These verses differentiate pleasure according to the three Qualities. Pure pleasure increases day after day and delivers one from misery. It may be hard on the senses at first, but it evolves one toward greater skills, as it is born out of wisdom. The pleasure arising from Passion is always pleasing to the senses, but the outcomes are always disharmony, break ups or conflicts. The pleasure arising from Ignorance merely drugs the senses because it consists of indolence, lethargy and folly.

नतदस्तिपृथिव्यांवादिविदेवेषुवापुनः।
सत्त्वंप्रकृतिजैर्मुक्तंयदेभिःस्यात्ित्रभिर्गुणैः।।18.40।।

18.40 There is nothing anywhere on earth or in the higher worlds which is free from the three Qualities – for they are born of Nature.

ब्राह्मणक्षत्रियविशांशूद्राणांचपरंतप।
कर्माणिप्रविभक्तानिस्वभावप्रभवैर्गुणैः।।18.41।।

18.41 O Arjuna! The duties of spiritual teachers, the soldiers, the traders and the servants have all been fixed according to the dominant Quality in their nature.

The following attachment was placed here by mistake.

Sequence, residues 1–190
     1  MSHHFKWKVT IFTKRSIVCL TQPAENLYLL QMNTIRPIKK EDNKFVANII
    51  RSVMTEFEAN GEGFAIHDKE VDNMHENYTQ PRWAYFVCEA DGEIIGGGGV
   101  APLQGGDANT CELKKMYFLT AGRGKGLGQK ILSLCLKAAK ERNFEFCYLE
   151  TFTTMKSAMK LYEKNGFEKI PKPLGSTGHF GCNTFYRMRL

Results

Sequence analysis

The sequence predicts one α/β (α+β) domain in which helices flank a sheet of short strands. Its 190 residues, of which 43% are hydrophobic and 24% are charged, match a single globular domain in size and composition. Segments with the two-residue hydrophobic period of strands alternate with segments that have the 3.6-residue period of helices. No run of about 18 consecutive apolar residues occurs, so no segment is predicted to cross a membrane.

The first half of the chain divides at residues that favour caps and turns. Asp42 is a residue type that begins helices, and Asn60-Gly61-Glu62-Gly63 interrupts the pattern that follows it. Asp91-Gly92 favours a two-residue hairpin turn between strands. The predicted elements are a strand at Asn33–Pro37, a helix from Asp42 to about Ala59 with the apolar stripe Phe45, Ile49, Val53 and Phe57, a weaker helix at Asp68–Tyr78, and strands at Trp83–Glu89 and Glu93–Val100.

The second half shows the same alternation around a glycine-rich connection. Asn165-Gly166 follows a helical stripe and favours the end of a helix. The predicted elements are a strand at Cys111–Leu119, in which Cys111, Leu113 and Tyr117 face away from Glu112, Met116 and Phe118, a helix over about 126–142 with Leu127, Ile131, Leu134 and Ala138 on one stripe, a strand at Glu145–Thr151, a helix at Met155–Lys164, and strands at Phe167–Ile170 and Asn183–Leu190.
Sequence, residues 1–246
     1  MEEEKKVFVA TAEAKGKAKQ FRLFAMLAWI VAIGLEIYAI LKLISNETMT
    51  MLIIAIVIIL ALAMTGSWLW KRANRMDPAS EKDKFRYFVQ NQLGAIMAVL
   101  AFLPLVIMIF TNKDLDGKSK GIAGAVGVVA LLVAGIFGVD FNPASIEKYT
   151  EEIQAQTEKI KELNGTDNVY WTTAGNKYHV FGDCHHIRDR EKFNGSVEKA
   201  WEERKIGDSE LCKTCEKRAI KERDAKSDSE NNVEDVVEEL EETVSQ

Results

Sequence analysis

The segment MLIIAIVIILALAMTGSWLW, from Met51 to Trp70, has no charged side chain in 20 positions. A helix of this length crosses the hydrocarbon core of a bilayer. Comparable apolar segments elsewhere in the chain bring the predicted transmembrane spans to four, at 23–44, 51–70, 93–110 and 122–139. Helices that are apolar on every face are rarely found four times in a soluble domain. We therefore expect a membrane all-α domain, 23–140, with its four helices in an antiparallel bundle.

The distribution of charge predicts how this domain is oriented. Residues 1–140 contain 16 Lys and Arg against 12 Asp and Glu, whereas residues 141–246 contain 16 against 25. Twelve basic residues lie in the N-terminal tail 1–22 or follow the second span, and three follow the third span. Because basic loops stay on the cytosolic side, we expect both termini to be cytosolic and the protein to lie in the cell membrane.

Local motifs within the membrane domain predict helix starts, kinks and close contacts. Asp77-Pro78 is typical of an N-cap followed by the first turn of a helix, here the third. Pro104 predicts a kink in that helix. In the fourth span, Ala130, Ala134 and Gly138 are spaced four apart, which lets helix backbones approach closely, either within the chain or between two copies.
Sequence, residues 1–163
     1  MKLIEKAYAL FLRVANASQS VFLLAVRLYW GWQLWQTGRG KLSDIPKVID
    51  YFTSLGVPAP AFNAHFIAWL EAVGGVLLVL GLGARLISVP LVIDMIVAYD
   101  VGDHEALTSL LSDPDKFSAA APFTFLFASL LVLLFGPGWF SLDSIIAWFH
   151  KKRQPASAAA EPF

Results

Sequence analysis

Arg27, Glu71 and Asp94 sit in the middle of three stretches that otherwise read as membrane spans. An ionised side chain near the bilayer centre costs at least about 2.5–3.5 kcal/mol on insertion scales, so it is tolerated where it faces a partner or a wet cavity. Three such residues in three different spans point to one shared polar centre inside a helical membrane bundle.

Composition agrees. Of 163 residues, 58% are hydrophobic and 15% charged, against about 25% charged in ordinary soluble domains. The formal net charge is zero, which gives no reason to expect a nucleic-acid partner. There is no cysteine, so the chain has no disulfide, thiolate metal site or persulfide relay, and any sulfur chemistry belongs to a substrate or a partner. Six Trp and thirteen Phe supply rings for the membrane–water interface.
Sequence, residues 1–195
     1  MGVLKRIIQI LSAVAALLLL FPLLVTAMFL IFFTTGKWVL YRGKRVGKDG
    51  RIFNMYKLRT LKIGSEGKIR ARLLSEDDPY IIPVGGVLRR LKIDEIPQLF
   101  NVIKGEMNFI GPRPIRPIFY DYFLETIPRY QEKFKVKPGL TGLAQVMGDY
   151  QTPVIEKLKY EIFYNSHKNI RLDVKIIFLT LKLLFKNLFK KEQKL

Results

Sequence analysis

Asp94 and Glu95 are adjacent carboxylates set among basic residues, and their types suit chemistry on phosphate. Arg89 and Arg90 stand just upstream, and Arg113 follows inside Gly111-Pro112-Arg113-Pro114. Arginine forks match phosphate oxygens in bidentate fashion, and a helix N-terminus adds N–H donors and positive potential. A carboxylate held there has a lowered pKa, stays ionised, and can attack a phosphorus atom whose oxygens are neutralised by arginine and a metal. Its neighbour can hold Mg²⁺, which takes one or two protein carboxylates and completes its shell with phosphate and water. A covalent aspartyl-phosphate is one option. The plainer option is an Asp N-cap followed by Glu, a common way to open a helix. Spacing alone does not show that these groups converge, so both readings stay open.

The three Qualities (Purity, Passion and Ignorance) are part of natural, spiritual Laws. They apply to everything and everybody. The dominant Quality defines a spiritual teacher, a soldier, a trader and a servant.

शमोदमस्तपःशौचंक्षान्तिरार्जवमेवच।
ज्ञानंविज्ञानमास्तिक्यंब्रह्मकर्मस्वभावजम्।।18.42।।

18.42 Serenity, self-restraint, austerity, purity, forgiveness, as well as uprightness, knowledge, wisdom and faith in God – these constitute the duty of a spiritual Teacher.

शौर्यंतेजोधृतिर्दाक्ष्यंयुद्धेचाप्यपलायनम्।
दानमीश्वरभावश्चक्षात्रंकर्मस्वभावजम्।।18.43।।

18.43 Valour, glory, firmness, skill, generosity, steadiness in battle and ability to rule – these constitute the duty of a soldier. They flow from his own nature.

कृषिगौरक्ष्यवाणिज्यंवैश्यकर्मस्वभावजम्।
परिचर्यात्मकंकर्मशूद्रस्यापिस्वभावजम्।।18.44।।

18.44 Agriculture, protection of the cow and trade are the duty of a trader, again in accordance with his nature. The duty of a servant is to serve, and that too agrees with his nature.

These verses describe the duties of a spiritual teacher, a soldier, a trader and a servant. This spectrum of duties is required for a human society to function. Such duties are natural. They are also part of the natural law. Every person takes up these duties at various times in his or her life, though one of these may dominate.

स्वेस्वेकर्मण्यभिरतःसंसिद्धिंलभतेनरः।
स्वकर्मनिरतःसिद्धिंयथाविन्दतितच्छृणु।।18.45।।

18.45 Perfection is attained when each attends diligently to his duty. Listen and I will tell you how it is attained by him who always minds his own duty.

यतःप्रवृत्तिर्भूतानांयेनसर्वमिदंततम्।
स्वकर्मणातमभ्यर्च्यसिद्धिंविन्दतिमानवः।।18.46।।